|Day Low/High||182.18 / 186.83|
|52 Wk Low/High||90.17 / 199.96|
The market may be down but, once again, the decline's about the White House getting re-tough on China.
Adjustments people and companies have made due to the pandemic are likely to outlast the virus in some measure, and those firms that don't adapt face trouble.
Target and Walmart have become online grocery destinations, which could be an advantage even after the pandemic loses steam.
Expect more fiscal and monetary support and don't expect a full return to previous economic activity for quite some time.
Picking through the companies that either maintained or boosted their dividends, we would find a few of these characteristics.
Let's take a moment to acknowledge how stupid something like sell in May really is, especially this year because it's turning out to be a pivotal month in the U.S. economy.
Our government made businesses insolvent to conquer a disease it can't conquer, and now solid businesses that could have thrived, that could have been the next Walmart for all we know, are closing.
Let's look at the stocks that will get crushed and that you can't touch right now.
We can't wait for a vaccine, but we can follow logical guidelines for staying as safe as possible, helping us avoid another Great Depression.
Business is currently very good for many e-commerce and digital payments firms. But there are reasons to think that growth rates will cool later this year.
The market sold off on Thursday after close as big hitters, including Amazon, reported earnings.
This is likely to be a big retail loser, but here's how you can win with buying puts in M.
There was a mild increase in trading volume at the New York Stock Exchange, but it was a rotational shift.
There's more than just one factor behind a lot of the sales jumps that are being seen.
Remember the mantra of the show: to teach, to educate, to explain, to put in context and entertain. I know trading. I was one.
Here's why an article on Amazon allows you to buy ahead of the quarter, and how you can approach other companies reporting this week.
The pizza company delivers, but retailers that can't stay open, won't pay rent, hitting real estate investment trusts.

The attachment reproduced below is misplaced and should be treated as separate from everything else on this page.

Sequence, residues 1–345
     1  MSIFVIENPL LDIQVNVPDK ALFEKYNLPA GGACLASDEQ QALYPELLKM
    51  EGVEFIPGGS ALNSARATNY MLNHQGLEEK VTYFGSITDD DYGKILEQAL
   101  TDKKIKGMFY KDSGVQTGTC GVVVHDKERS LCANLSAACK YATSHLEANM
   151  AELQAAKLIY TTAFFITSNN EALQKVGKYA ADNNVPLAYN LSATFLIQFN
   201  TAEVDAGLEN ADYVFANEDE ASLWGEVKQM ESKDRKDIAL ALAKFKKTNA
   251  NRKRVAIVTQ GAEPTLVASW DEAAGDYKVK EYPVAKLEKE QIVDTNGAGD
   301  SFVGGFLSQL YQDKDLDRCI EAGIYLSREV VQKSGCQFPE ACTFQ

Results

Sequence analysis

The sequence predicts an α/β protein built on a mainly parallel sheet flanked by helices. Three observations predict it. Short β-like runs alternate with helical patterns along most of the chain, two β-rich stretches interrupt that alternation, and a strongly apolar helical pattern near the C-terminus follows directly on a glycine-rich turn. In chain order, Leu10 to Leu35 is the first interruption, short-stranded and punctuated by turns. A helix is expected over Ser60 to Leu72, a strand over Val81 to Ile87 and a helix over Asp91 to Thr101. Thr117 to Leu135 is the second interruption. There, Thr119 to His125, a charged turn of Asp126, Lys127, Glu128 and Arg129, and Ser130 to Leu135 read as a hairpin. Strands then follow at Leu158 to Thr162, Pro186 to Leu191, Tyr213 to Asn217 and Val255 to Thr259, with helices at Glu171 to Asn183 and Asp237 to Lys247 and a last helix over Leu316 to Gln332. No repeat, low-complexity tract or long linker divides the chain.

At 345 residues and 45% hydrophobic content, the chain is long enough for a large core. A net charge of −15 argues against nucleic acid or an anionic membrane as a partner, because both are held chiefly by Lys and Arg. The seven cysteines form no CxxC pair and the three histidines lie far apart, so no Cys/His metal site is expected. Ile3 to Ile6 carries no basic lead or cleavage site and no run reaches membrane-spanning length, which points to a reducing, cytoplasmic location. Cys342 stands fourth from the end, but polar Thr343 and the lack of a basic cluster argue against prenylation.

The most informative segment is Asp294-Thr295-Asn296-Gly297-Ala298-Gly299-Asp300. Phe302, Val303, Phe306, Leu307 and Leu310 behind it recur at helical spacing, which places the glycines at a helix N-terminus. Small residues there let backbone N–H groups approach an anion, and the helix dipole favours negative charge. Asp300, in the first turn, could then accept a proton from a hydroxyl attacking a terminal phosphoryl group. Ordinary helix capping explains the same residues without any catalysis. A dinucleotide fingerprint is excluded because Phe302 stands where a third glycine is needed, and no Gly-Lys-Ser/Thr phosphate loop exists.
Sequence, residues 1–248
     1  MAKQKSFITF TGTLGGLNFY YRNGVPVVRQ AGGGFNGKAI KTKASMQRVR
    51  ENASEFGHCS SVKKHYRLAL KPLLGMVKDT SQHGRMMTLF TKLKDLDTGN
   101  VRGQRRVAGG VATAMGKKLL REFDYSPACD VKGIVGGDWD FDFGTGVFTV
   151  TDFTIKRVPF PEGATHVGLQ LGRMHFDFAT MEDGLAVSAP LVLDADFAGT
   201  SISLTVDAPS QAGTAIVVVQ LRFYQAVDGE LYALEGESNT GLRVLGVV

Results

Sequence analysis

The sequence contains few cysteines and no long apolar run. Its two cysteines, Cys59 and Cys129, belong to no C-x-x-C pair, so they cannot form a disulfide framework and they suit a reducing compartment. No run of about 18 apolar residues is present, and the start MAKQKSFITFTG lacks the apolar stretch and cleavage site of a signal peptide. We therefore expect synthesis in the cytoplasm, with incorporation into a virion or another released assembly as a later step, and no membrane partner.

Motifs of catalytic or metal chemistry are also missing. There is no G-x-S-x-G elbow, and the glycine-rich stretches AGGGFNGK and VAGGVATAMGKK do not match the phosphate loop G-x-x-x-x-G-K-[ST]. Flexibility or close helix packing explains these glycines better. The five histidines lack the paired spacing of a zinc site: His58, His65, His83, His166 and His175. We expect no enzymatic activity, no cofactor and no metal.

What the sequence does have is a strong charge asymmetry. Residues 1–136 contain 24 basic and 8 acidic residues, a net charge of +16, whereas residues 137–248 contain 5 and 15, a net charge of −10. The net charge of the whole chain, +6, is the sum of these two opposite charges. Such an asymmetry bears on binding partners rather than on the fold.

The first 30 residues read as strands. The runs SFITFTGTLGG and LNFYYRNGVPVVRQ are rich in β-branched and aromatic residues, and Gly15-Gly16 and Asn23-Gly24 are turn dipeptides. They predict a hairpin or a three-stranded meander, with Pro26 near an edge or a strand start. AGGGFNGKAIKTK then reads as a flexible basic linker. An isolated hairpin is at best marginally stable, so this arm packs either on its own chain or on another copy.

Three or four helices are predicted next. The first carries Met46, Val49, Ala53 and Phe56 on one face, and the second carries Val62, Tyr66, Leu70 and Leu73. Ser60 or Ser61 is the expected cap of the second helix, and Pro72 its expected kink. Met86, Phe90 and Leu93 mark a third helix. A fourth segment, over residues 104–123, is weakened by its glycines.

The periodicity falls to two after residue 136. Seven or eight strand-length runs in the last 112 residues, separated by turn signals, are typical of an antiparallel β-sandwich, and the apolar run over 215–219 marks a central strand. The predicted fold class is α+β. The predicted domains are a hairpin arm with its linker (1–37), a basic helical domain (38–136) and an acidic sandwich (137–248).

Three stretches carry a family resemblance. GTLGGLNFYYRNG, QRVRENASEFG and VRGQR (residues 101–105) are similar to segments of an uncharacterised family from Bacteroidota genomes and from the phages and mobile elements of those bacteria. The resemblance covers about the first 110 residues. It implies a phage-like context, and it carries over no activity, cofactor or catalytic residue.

Stop apologizing, don't surrender to the gloom and tell your story with sympathy but with glory, and don't make us feel like it's a mistake to own shares in your company.
The problem for index fund owners is they own all three buckets and there are a lot more companies in the third bucket than in the first two.
Danielle DiMartino Booth asks what is the permanent mark on the consumer from COVID-19: Retail sales in March posted the worst month-over-month decline ever, burying the 1987 prior record holder; clothing led the declines at a 50.5% decline followed...
Wear a mask, save some lives. It doesn't matter if they are not perfect.
With the faster news cycle and quicker speed of transactions, it makes sense that a market bottom might be reached quicker. But this looks more like a retest than a bottom.
It's still not a stock picker's market, but have a list of names ready to perform amid the coronavirus crisis.
Consumers who never before considered buying certain items online are now doing so. Once they get used to the convenience, that habit will become permanent.
TGT does not look ready to participate vigorously in a recovery rally.
I still don't think it's a terrible time to begin accumulating shares in quality companies for the long-term.
What is crazy is the movement in names that have been winners up to now.